November 13, 2003 ... A Sweet Legend Passes
By: Brad Rey
On November 13, 2003, my father, Captain Rene E. Rey, 32-year veteran of the S.F.F.D., died after a 15-year bout with lymphoma. I’m writing this letter to all in the brotherhood that knew and worked with my father.

It was in 1953 that Dickey Pera (Mike’s father) came into my dad’s bar on 3rd Street and said, “Rene, we’re going to sign up for the fire department.” My dad jumped over the bar, and the beginning of a 32-year love affair began. We used to laugh, and he would say, “If they only knew that I’d do this job for nothing! Greatest job in the world.”

In 1977, I was getting a sandwich on Geary Street and one of my pals ran into the deli and said, “Brad, you have to see this.” Fire was blowing out of two windows on the 800 block of Geary. In an instant, the downtown crews went into their precision evolutions. I just happened to look up and there was the Wire (Bill Cochran) with his engine crew and my father with the old crew of Truck 3, working in sweet tandem. It was like watching 62 Giants and Yankees doing battle. I was blown away and knew I had to be part of the franchise.

My father would say, “If you want that job instead of going to have a few beers after work, you’d better go down to old St. Patrick’s on Mission Street and ask the Blessed Mother to bless you like she blessed me.” I got down there (not as often as I should have) and in 1979, I, too, was blessed with the greatest job in the world.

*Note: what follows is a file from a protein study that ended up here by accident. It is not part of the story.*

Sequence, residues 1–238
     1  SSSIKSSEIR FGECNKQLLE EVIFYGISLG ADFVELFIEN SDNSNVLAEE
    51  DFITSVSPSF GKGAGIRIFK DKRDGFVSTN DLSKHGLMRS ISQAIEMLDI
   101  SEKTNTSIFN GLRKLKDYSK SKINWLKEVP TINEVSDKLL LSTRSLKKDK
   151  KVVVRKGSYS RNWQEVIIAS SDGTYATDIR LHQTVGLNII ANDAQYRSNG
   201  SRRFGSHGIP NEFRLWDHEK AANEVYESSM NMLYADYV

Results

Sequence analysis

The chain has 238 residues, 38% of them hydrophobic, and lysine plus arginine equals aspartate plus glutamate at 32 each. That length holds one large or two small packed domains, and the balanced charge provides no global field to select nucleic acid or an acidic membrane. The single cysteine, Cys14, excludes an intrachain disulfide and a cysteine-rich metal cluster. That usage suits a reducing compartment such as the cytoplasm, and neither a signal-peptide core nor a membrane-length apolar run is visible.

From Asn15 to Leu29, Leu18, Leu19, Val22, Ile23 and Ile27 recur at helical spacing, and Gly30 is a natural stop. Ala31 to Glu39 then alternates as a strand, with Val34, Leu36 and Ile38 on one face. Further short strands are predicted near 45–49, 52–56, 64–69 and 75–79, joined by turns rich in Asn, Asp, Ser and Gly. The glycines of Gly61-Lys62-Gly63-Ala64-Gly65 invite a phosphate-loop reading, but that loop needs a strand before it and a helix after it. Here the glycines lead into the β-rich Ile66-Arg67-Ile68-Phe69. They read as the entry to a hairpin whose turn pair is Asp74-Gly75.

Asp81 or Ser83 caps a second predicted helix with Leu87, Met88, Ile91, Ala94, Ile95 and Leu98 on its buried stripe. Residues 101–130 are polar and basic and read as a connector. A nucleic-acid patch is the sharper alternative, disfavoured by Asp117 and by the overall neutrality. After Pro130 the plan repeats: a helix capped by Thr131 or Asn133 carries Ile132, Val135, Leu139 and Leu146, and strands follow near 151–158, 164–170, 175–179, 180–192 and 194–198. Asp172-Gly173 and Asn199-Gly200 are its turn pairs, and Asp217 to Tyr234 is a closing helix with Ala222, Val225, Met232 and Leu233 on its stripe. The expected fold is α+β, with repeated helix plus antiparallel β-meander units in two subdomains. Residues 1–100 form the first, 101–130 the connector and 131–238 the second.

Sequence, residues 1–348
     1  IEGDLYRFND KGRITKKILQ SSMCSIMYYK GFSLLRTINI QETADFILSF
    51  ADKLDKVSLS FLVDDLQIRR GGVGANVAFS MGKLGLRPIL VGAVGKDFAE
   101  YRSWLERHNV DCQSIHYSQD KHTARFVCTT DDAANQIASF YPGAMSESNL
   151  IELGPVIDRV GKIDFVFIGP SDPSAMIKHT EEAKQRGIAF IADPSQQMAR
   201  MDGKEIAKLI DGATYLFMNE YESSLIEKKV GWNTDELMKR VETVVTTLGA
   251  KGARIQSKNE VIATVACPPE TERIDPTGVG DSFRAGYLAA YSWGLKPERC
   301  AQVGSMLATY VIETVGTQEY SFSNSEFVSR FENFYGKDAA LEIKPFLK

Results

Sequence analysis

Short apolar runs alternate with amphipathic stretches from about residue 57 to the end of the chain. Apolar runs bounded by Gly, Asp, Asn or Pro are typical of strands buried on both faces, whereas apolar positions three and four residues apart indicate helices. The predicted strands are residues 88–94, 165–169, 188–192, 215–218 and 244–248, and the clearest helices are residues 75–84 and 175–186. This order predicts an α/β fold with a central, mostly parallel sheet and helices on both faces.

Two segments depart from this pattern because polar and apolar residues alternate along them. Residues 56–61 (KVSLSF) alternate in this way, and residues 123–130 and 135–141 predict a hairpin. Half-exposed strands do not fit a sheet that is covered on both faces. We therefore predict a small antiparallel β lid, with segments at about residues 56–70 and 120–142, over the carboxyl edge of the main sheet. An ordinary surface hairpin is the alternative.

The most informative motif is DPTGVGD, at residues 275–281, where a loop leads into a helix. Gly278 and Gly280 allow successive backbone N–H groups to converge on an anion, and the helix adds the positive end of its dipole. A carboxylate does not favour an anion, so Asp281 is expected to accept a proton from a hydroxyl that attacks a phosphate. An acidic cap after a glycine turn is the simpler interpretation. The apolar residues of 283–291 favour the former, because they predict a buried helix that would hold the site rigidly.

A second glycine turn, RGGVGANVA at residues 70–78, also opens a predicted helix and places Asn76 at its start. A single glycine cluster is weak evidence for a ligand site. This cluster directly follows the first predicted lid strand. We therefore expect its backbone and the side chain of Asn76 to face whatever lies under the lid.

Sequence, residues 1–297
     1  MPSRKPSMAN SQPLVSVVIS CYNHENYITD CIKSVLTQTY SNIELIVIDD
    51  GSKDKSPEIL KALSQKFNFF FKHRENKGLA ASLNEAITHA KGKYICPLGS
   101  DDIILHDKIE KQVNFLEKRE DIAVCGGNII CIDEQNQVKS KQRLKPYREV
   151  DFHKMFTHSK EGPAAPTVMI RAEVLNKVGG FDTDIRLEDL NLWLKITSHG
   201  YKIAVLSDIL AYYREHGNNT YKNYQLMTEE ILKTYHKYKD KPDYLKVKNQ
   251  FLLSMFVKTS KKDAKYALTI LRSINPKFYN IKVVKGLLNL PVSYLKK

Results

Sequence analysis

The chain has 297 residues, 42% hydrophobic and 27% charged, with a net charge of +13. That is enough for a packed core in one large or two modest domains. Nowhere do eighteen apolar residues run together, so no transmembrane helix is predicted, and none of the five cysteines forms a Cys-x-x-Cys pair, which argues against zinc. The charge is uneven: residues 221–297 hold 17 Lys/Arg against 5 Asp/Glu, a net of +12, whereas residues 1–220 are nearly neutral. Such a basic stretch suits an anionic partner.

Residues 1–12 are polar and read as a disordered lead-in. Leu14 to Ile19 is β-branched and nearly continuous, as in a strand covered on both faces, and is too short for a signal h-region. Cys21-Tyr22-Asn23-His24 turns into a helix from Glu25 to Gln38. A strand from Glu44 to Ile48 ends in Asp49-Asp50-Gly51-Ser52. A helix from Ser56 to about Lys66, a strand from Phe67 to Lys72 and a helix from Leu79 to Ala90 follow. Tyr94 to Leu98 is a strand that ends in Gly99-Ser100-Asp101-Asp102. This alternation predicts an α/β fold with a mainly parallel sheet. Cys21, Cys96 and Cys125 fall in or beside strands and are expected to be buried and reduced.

In 1972, my father was promoted to Lieutenant and he just happened to be floating through 38 Engine. Truck 3 was assigned there while the new house was being built in 1976. My father used to tell Guggi, “I want to get out of here and go back to the best crew in the city, back to St. 6.” Guggi would say to Pop that if he came down to Three he would change his mind and never leave. Al was right again.

There were two great stories among the hundreds that made me feel even more proud that he was my father. We’d had a tough fire in the Pink Palace. I was a probie and that day I was working with a young lieutenant by the name of John Harrington (AC John). There was a lot of sulfur dioxide and there were many tasks that needed to be completed. Three truck took on a task that even made me stand back in amazement. John looked at me and said, “You never stop learning from guys like that.” I was really proud of him that day. He was always so mild-mannered. I wasn’t used to seeing him so into what he truly loved. I wasn’t his son that day. There was a lot of work to be done, and he was all business.

The second story was about a young Bruce Platt and Marty Ross. The young lions were circling Webster Street at 3 o’clock in the morning with their 65-year-old boss waiting to jump on a second alarm that was in progress. He loved that job and his crew. He used to say to me, “All I need are Ernie Aiken and the president (a.k.a. Jim Ferguson) and we could handle the whole city.” Then the shots and the laughter took over.

In my 25 years service with the S.F.F.D., I was fortunate to work with two of my father’s closest friends, firemen that truly represent what the S.F.F.D. is all about. With undeniable character and integrity. The kind of officers that spending 24 hrs with them wasn’t enough time. Two great guys that were truly great friends of my father’s, Ray O’Leary and Jack Bogue. He used to say to me, “Brad, you’ll never be around better men.” And he was right. I want to thank the brotherhood for all their kind thoughts and deeds on this sad day. I just wish you all could have a father like mine, kind and compassionate, a true gentleman till the end. You’ll never be forgotten, dad, not as long as there’s a good Texas game going on somewhere in the city. Enjoy the journey we talked about. You’ve earned it.

Photo Provided By: Brad Rey


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